SOC standards are frameworks that give companies advice on handling services that are provided by subservice organizations. Within the SOC standards the main service organization should aim to achieve.
Understanding SOC Auditing
What is a Subservice Organization?
A subservice organization is simply an outsourcing company to the main service organization. For example, if the main service organization is a medical office and outsources its billing to another company, the billing company is the subservice organization and the medical company is the service organization.
Why be Concerned with Sub-service Organizations?
It is the job of the service organization to keep an eye on how the subservice organization is performing and report on it. After all, the subservice organization is closely tied to the operations of the service organization, and how it performs will reflect on the quality and reputation of the service organization. You likely have clients who want assurance regarding the control environment around the services your provide, right? It’s not enough to just focus on in-house operations, if you use subservice organizations.
SOC Audit Options
There are two different methods advised by the AICPA for monitoring and keeping high-quality standards in subservice organizations with which your service organization works. These methods are the carve out method and the inclusive method. Here are the descriptions of each method, so you can decide which method is the best approach for your company.
The Carve Out Method
With the carve out method, the service organization includes the services of the subservice organization in its description of its own services, as if the subservice organization were part of the main company. At the same time, the service organization excludes any control objectives used by the subservice organization from its own company description. Even though these objectives are excluded from company descriptions, the company should include its own methods of monitoring subservice organizations in its company description, without actually naming the subservice organizations.
As an example, the management of the service organization could monitor the control objectives of the subservice organization by using the subservice organization’s own SOC compliance guidelines, or possibly a SOC 3. Using some description of how the control objectives of the subservice organization are monitored by the main company is an important part of SOC compliance.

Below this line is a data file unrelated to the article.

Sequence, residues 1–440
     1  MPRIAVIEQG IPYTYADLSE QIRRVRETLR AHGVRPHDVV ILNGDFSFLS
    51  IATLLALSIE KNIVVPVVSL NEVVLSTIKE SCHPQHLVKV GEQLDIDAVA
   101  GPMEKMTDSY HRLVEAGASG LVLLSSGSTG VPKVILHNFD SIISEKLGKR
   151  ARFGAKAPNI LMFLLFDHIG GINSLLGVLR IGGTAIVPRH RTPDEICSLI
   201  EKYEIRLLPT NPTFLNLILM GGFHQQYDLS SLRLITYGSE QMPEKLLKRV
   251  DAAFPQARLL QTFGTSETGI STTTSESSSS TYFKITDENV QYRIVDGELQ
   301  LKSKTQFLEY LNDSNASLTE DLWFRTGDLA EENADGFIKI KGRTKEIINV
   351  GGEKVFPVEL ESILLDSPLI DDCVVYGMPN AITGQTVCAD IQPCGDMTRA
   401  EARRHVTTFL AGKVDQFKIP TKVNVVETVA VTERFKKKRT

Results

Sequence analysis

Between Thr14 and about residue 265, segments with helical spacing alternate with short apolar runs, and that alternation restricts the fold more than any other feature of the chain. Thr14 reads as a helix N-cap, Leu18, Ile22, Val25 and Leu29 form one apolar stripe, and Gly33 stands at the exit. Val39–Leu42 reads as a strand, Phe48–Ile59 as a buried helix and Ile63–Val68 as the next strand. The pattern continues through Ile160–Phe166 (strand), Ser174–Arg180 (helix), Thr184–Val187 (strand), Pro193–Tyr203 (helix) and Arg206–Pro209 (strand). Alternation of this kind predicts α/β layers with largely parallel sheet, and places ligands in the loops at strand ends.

The Inclusive Method
The inclusive method is another method approved of by the AICPA. In this method, your description of your organization’s methods of operating should include a list of descriptions of services performed by the subservice organizations you use. They should be clearly identified as subservice organizations, and not made to seem like they don’t exist, as in the carve out method. You should also include descriptions of the control objectives of the subservice organizations with whom you do business.
Related article: Why is a SOC 1 Audit More Valuable than a SOC 2?
Which Method is Better?
Are your companies related?
Most companies use the inclusive method if their company and the subservice organization are related in some way. However, the word “related” can mean a lot of different things in the business world. You must be able to obtain a written statement of assertion from the subservice organization in order to use the inclusive method and still be in compliance with SOC 1 or SOC 2, whatever applies. If you, or your company’s auditor cannot get the statement of assertion, then you must use the carve out method.
Related article: Compare SOC 1 vs. SOC 2 audit processes.
Ensuring Compliance from all Companies
Whichever method your company uses, it is important to remember that there is an important emphasis placed on subservice organizations now with companies that are subject to SOC compliance. A lot of companies outsource to other companies for all kinds of different tasks. These tasks are important to the operations of the main company. Therefore, it only stands to reason that the subservice organizations should be subject to the same standards as the companies for whom they work. They must be vetted and required to operate to equally high standards to the main companies. It only makes sense, and it makes for excellent business operations on both sides. This ensures clients get the best level of service possible from all companies involved in the operations of the company with whom they are doing business.
Related article: How to Prepare for a SOC 1 Audit.
Find the Best SOC Audit Process for Your Company
If you are not sure which method your company should be using, you should talk to a qualified third-party auditing company like I.S. Partners, LLC. They have many years of experience in advising companies on these things. They will look carefully at how your company does business, and be able to recommend the proper method for your organization, as well as give you a clear and understandable explanation of why it is the best method for your company to use. Each organization is different, and your SOC compliance needs may be different than similar companies in your industry. Make sure your company gets it correct by contacting I.S. Partners, LLC for a consultation. Call 215-675-1400 or fill out our contact form!